Based on the similarity of the seismic data between 9 September 2016 event and North Korea’s previous nuclear tests, we confirm that 9 September 2016 event is a nuclear test in nature. We have determined that North Korea’s 9 September 2016 nuclear test occurred at 00:30:01.366 UTC, (9:00:01.366 local time), 9 September 2016, at the location of (41°17'54.60''N, 129°4'40.80''E), with an estimated yield of 17.8±5.9 kt. The geographic precision of the location determination is 110 m. North Korea’s 9 September 2016 test and its three previous tests (2016/01/06, 2013/02/12 and 2009/05/25) are located several hundred meters apart, beneath a same mountain. The estimated yield of 9 September 2016 test is higher than that of its previous tests (11.3±4.2 kt for 2016/01/06 test, 12.2±3.8 kt for 2013/02/12 test, and 7.0±1.9 kt for 2009/05/25 test). Figure 1 shows the determined location and yield of North Korea's 9 September 2016 nuclear test, along with the locations and yields of its previous tests.
Figure 1. (a) Best-fitting location of 9 September 2016 test (star labeled as 2016/09/09) relative to the location of 2009 test (star labeled as 2009/05/25). The black ellipse represents the 95% confidence ellipse for 9 September 2016 test location based on the chi-square distribution. (b) Locations (circles, with the sizes of symbols proportional to their yields (labeled blue)) and origin times (labeled red) of 2006, 2009, 2013, and two 2016 tests plotted on a Google Earth map.
North Korea’s 9 September 2016 nuclear test site is pinpointed by deriving relative location of North Korea’s 2016/09/09 and 2009/05/25 nuclear tests and using the previously determined location of the 2009 nuclear test, while its yield is estimated based on the relative amplitude ratios of the Lg waves recorded for both events, the previously determined Lg-magnitude of 2009 nuclear test and burial depth inferred from satellite imagery. Figure 2 shows the seismic stations and seismic data used to relocate the nuclear test. The seismic data come from a seismic station in China (MDJ) of the Global Seismographic Network, jointly operated by the Incorporated Research Institutions for Seismology and China Earthquake Administration and some seismic stations in China and Japan.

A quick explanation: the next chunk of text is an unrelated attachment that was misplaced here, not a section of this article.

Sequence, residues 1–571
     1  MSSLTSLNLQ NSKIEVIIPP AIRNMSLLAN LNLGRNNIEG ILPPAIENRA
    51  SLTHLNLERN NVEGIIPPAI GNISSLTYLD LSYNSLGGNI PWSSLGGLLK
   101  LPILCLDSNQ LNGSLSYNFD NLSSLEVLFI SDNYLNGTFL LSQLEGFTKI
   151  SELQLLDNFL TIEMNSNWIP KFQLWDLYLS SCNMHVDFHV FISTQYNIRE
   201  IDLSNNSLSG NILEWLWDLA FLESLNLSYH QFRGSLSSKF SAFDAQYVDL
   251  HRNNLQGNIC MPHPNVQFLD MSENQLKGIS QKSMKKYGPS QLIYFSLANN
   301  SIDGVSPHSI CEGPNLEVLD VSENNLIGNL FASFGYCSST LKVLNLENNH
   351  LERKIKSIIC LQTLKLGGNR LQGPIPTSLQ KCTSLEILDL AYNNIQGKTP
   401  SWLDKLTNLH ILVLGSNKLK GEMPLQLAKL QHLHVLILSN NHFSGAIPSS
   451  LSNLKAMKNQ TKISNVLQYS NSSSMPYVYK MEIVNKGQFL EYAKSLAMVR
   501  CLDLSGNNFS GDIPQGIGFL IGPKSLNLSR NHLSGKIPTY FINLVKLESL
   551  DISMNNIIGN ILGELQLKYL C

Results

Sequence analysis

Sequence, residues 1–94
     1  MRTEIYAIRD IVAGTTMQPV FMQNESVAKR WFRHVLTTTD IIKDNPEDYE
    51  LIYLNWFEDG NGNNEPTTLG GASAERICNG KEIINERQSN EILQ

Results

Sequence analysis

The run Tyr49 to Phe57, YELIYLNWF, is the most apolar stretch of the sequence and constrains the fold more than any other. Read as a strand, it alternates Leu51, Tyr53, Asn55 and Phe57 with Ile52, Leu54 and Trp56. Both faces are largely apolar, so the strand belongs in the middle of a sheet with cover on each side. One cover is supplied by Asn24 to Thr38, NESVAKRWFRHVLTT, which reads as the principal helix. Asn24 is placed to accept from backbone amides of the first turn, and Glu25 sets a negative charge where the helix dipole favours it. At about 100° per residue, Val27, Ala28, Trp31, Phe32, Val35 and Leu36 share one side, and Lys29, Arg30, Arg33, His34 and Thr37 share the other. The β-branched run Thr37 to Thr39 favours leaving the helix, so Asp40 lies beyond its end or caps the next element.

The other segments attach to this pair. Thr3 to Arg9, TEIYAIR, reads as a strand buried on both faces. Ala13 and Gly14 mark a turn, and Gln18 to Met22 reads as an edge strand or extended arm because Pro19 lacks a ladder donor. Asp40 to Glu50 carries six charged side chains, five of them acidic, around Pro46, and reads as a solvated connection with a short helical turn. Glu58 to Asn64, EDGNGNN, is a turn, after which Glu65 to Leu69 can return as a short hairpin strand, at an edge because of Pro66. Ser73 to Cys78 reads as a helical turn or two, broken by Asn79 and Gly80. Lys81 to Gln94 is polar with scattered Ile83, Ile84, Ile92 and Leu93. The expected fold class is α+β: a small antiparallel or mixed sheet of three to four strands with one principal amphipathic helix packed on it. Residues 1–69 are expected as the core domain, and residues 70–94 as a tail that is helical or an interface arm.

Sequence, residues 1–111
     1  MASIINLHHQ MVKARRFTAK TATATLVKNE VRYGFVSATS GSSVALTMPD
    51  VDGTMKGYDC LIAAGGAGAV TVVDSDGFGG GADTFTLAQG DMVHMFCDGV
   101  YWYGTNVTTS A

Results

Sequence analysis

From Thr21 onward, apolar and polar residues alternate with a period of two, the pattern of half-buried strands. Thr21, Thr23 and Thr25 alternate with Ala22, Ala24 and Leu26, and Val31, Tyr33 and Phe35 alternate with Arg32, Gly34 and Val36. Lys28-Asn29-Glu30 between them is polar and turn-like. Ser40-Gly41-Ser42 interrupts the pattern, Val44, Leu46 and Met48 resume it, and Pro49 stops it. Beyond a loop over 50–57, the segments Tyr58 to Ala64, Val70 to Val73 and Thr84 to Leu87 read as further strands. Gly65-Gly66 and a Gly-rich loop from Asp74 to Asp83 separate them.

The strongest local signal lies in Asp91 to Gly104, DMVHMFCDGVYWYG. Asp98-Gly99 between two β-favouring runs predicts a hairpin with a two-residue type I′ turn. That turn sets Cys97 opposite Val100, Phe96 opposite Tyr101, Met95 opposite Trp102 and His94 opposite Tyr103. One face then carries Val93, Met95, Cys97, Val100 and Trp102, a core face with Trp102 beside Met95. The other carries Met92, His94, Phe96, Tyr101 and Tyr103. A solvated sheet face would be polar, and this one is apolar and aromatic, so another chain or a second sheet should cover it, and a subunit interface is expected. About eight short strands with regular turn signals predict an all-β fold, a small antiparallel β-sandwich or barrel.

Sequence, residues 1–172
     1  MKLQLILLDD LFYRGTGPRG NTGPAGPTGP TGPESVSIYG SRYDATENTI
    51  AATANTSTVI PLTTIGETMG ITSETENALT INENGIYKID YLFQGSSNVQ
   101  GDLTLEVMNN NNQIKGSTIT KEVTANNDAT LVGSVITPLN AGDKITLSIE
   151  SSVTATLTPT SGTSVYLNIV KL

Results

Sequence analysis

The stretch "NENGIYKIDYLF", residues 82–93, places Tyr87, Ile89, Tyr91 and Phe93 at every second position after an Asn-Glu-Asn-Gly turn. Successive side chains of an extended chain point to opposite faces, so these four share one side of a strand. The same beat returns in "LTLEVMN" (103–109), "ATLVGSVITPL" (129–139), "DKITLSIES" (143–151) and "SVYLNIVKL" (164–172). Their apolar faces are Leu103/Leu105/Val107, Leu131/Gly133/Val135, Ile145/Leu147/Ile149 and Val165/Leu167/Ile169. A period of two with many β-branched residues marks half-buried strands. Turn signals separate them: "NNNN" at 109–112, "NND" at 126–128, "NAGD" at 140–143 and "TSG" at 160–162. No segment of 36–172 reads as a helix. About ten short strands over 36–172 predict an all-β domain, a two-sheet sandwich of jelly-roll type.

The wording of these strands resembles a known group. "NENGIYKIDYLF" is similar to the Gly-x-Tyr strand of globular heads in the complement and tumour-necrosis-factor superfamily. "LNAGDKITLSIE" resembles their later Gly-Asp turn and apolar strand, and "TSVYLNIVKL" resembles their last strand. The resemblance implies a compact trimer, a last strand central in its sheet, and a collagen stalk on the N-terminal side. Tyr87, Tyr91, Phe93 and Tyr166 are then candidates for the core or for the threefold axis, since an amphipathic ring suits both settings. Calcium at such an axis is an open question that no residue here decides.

Figure 2. Map showing North Korea’s 2009/05/25 and 2016/09/09 nuclear test sites (red star), seismic stations (triangles) that recorded high-quality waveforms for both tests, and observed vertical components of seismic waveforms. Seismic waveforms are self-normalized and labeled with station names and the year of the test.
♦ For 9 September 2016 event information at USGS: click here.
♦ For 9 September 2016 event information reported by CTBTO: click here.
Links to our research about North Korea's previous nuclear tests:
♦ For the seismic results of the North Korea's 6 January 2016 nuclear test, click here.
♦ For the scientific publication of the study of North Korea's 2013 nuclear test, click here.
♦ For the scientific publication of the study of North Korea's 2010 nuclear test, click here.
♦ For general introduction of the study and our previous study related to North Korea's 2009 nuclear test, click here.
♦ For the scientific publication of the study of North Korea's 2009 nuclear test, click here.
♦ For more information about Professor Lianxing Wen: http://geophysics.geo.sunysb.edu/wen/
Copyright University of Science and Technology of China, 2016.